To all which I need not adde, for a conclusion, the perpetuall and constant performance of what-ever we find our selves able and bound in duty to perform. For he that has this Faith and sincere desire can never sin against the Power of God and the Dictates of his own Conscience. This, Philopolis, is a brief, but faithfull, direction for the obtaining that great prize, the Kingdome of God within us.
Philop. And I am infinitely obliged to you, Philotheus, for your hearty and serious Instructions in so important a Mysterie. I hope they will never slip out of my mind.
Cuph. I am sure his Indoctrinations touching the Centre of the Soul in the Heart stick so fast in mine, that I shall never forget them. But I beseech you, Philotheus, what will become of that Centre of the Soul in the other state, when we have left our Hearts behind us?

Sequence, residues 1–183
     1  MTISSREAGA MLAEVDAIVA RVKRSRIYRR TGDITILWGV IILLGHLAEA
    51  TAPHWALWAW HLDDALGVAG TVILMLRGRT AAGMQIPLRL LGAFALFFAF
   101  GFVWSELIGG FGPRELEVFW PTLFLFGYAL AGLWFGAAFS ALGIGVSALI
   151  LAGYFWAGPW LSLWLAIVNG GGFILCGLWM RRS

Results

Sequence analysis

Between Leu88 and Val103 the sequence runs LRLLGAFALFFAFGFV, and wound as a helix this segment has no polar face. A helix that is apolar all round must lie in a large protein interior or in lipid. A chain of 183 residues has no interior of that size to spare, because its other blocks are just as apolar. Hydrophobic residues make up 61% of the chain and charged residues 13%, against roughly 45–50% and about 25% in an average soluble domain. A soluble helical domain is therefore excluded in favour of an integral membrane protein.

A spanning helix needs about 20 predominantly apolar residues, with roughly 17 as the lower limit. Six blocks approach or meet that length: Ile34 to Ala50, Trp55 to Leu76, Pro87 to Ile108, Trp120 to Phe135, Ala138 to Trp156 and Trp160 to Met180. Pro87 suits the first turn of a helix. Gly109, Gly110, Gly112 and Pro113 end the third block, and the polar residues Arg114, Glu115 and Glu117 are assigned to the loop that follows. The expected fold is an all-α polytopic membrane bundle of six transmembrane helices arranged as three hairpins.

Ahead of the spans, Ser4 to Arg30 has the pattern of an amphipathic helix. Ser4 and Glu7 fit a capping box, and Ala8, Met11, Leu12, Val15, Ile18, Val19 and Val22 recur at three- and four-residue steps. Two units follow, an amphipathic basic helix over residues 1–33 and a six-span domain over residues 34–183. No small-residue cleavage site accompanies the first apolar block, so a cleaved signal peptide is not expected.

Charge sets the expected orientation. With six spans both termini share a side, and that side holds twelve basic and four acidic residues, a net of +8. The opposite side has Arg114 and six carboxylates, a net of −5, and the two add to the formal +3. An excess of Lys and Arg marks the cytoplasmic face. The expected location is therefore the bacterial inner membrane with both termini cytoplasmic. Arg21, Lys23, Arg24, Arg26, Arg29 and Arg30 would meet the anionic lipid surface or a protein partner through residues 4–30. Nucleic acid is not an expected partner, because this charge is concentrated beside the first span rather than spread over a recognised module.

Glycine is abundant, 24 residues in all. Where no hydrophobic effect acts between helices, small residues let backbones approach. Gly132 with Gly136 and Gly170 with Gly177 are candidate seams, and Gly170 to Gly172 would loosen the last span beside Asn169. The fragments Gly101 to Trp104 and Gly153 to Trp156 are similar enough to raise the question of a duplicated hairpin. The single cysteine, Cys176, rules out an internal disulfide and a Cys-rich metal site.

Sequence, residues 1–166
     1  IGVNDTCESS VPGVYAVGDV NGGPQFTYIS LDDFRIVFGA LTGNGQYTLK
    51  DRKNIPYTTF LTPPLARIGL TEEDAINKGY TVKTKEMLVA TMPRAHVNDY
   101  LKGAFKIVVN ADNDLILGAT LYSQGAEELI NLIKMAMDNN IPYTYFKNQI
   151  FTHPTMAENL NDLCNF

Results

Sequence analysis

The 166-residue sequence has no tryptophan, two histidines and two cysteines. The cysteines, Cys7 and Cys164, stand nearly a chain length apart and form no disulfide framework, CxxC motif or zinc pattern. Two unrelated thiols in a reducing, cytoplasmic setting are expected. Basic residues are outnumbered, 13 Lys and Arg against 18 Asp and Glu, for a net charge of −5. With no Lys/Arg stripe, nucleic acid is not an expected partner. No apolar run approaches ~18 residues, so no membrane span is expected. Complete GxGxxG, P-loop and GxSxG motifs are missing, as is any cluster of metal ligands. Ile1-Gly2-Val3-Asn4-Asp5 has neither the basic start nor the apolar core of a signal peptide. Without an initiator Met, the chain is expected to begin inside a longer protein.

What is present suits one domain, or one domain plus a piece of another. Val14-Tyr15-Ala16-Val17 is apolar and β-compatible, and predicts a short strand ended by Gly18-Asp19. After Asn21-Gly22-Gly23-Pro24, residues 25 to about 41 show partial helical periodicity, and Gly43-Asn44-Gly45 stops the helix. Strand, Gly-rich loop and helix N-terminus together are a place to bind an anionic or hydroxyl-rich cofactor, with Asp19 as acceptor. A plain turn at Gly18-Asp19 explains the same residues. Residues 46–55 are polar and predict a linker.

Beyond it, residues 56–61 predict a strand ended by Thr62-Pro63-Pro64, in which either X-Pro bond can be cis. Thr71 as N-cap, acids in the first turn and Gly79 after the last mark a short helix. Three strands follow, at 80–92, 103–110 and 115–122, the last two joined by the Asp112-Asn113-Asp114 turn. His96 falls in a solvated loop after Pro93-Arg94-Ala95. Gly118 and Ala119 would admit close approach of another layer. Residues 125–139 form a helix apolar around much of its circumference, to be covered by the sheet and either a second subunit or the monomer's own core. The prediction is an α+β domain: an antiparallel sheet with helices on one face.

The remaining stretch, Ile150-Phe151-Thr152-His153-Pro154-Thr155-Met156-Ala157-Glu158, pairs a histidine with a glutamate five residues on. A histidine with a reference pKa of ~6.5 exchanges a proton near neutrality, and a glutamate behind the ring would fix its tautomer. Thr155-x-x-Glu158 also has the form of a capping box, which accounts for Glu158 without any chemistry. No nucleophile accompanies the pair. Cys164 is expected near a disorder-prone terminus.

Philoth. It is much, O Cuphophron, that your Philosophy should scruple at this, unless you be also at a loss what will become of the other Centre of the Soul, because we leave our Brains behind us. They retain the same offices still, the one to joyn us with the Spirit of the World, or else with the Spirit of God, the other to be our common Percipient.
 VIII. The Kingdome of God within us, what it is.
 Luk. 17.21
 Rom. 12. 15.
 Matt. 22. 37.
 Matt. 7. 12.
 Hebr. 7.2.
 Rom. 14.7.
 IX. The means of acquiring it.
 Matt. 13. 44, 45.
 Matt. 11. 12.
 Luk. 9. 62.
 Matt. 5. 48.
 Matt. 15. 13.
 Ephes. 5. 27.
 Matt. 5. 6, 8.
 Psalm. 143.6.
 Psalm 84. 5, 6, 7.
Cite as: Henry More, The Two Last Dialogues (1668), pp. 26-39, http://www.cambridge-platonism.divinity.cam.ac.uk/view/texts/diplomatic/More1668B-excerpt001, accessed 2021-01-24.